The rise of the emotional economy in the world of AI

As AI and automation take root, a new and invaluable workplace currency has emerged – the emotional economy.
By: | October 15, 2018


Artificial intelligence is radically re-orienting the very nature of the workforce.

About the Author

John Belchamber is the Chief Development Officer of the Organisational Development Institute (ODi).

ODi was founded by 10 industry leaders from Australia, New Zealand, Singapore and the United States to provide industry practitioners from across the globe with best of breed tools and solutions to create happier and more productive people in the rapidly changing workforce.

ODi is a partner company of PD Training, one of the world leaders in professional development courses.

With automation paving the way for routine technical tasks to be surrendered to robots, a new and invaluable workplace currency has emerged – the emotional economy.

Here, employees who possess ‘soft skills’ or emotional intelligence are highly sought after – an emerging elite.

Empathy, communication, adaptability and problem solving will become an employee’s most valuable asset, not to mention the most sought-after attributes by HR departments and employers.

Unlike hard skills, which can be proven and measured, soft skills refer to the emotional intelligence of an employee, which includes their general disposition and personality, their attitude and intuitions.

This emerging economy will prompt a shift in job roles and the very make-up of the workforce.

Process style jobs that can be automated will become lower volume. People will increasingly be pulled from back-office and manual labour jobs as AI replaces them.

However, where there is job loss, there is also job gain. People and relationship-oriented roles are set to increase by 60%, hence the demand for soft skills and soft skills development.

According to research by Deloitte Australia, the number of soft skill intensive jobs will grow 2.5 times faster than other roles.

Furthermore, the research predicts that soft skill-intensive jobs will make up almost two-thirds of the workforce by 2030.

In the emotional economy, the world will run on emotional intelligence – EQ will take the place of IQ.

Associated with optimism, greater impulse control, better mood and empathy, EQ can affect a range of work behaviours, including commitment, performance, teamwork, talent development, innovation, quality of service and loyalty.

Recently the OrgDev Institute gathered HR leaders to explore the effects of artificial intelligence on the workforce – including the rise of the emotional economy – and the implications on the future of Human Resources, which has been converted to a Whitepaper.

Speaking at the event, Helen Lyons of Australia’s New South Wales Department of Planning and Environment said the rise of EQ is already evident across her organisation.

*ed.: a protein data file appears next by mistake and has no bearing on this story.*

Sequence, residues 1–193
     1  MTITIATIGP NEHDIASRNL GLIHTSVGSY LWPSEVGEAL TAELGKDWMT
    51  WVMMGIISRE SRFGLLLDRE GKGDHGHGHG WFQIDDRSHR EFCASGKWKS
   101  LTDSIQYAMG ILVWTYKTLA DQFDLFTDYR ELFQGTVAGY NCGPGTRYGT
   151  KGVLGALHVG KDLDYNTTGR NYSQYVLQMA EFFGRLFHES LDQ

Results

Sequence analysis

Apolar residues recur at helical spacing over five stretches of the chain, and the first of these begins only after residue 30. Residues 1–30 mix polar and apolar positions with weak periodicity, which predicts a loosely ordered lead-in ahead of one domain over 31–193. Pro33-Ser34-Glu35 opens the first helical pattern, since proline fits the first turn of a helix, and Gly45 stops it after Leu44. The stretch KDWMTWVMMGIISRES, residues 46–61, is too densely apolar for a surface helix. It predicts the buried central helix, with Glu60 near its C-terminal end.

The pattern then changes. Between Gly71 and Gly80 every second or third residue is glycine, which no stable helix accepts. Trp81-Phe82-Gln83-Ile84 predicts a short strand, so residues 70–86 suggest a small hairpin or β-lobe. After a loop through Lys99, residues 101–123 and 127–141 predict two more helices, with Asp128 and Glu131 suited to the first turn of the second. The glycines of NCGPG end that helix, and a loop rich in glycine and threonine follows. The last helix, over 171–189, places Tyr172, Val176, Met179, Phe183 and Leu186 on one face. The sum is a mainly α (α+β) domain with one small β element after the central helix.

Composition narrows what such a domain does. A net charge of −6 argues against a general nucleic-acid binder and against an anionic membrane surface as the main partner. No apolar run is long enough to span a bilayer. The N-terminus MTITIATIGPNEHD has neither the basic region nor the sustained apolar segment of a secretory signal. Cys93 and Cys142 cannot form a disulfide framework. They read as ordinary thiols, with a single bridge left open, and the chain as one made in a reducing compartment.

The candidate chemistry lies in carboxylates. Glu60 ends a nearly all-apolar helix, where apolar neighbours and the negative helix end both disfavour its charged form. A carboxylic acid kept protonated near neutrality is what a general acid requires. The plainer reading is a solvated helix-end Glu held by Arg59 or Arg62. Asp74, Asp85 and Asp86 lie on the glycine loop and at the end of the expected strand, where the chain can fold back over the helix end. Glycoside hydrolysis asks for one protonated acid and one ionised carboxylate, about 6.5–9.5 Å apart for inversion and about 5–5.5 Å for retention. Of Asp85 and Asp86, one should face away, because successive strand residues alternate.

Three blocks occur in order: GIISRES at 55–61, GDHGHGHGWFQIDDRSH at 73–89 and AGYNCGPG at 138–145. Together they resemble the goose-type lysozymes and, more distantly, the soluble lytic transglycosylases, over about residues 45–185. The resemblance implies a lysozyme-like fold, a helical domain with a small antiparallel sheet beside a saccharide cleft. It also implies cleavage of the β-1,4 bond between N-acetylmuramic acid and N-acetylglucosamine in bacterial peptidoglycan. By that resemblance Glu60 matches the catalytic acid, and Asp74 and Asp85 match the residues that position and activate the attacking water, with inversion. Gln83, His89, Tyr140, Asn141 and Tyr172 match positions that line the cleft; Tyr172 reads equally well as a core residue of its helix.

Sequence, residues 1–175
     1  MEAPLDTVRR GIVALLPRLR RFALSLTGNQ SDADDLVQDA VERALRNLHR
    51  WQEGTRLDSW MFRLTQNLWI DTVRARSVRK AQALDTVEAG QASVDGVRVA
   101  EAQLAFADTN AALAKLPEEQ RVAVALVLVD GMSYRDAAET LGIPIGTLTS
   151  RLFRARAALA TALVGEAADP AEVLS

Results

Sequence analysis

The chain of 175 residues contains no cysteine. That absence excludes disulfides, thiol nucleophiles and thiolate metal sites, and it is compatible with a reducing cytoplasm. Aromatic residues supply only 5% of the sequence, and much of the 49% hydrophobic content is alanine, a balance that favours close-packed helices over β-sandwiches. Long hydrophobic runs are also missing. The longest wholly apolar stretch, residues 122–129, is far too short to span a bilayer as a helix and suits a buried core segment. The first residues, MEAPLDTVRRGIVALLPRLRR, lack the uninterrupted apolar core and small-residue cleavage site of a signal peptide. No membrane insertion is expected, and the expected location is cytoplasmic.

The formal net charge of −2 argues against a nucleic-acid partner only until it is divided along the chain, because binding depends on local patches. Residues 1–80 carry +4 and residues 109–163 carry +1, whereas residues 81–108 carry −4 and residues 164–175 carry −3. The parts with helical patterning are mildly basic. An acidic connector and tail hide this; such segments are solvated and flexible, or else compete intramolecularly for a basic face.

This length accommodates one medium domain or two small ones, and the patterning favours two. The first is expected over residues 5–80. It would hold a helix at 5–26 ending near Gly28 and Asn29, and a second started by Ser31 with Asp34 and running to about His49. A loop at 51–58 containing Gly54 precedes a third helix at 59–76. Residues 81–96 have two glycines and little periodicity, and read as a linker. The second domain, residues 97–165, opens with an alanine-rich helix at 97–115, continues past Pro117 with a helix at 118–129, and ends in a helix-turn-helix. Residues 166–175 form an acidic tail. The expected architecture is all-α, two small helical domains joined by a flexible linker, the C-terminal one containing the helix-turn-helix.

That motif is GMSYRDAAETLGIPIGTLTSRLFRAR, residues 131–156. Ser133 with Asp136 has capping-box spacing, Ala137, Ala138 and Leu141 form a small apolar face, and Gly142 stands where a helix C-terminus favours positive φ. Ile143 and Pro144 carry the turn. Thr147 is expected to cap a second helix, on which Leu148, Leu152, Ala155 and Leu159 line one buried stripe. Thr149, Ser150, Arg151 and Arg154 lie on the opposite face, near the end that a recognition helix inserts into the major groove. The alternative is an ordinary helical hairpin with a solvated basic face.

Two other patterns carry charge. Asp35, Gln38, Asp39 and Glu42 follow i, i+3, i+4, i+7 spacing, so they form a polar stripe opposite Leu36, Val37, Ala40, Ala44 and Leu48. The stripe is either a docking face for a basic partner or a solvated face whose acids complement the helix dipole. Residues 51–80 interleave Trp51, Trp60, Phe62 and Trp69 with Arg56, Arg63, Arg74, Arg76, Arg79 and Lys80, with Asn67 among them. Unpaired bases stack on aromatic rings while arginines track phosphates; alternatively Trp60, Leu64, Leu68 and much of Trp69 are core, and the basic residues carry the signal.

“Nobody’s really interested in your IQ; it’s your ability to develop and maintain relationships.  It’s your wisdom that comes from mistakes you’ve made and that you’re not going to make again. Not on our time,” she explained.

As the focus on soft skills in the workforce increases, so too will the expectation on HR that they are underpinned by proven tools that provide hard measurement.

Unfortunately, this isn’t as straightforward as it seems. In fact, in a time where it will become one of the most sought-after skills by employers, measuring the value of staff who possess such qualities, and also their return on investment, will prove a significant challenge.

The inability to hard measure ‘soft skills’ is an issue for the HR industry as a whole and limits the ability to build programs that have the capacity to both train and nurture said skills.

Measuring the value of an HR department will also become increasingly challenging.

Ben Morris, construction company, Mirvac‘s Co-Head of HR and GM Performance Reward said his industry struggles with articulating the benefits and value of HR.

“We don’t do a particularly good job of measuring the effectiveness and outcomes of our programs. It’s a real shame because I think better measurement and better demonstrations of the links to commercial outcomes would earn our HR functions greater credibility, greater impact, and therefore scope to do even more of all the fun things we want to do as HR professionals,” he said.

While technical skills have been an important benchmark when hiring new employees, HR departments will now need to adjust this to prepare for the workforce of the future.

After all, soft skills may be the only thing AI can’t supersede. As AI takes over, yes it can find out all the information, but what it doesn’t know is what to do with it.

AI can find the data but how does it bring in the human skills to analyse what has happened in the past and the impact it might have in the future?

A monumental shift in the values of employees is set to change. The industry must learn to focus on what sets us apart from AI, rather than chasing and upskilling to keep up with it.


The OrgDev Institute whitepaper – The Future of HR: Rising to the challenges of AI, staff retention and the longevity of a critical industry – is available as a free download here.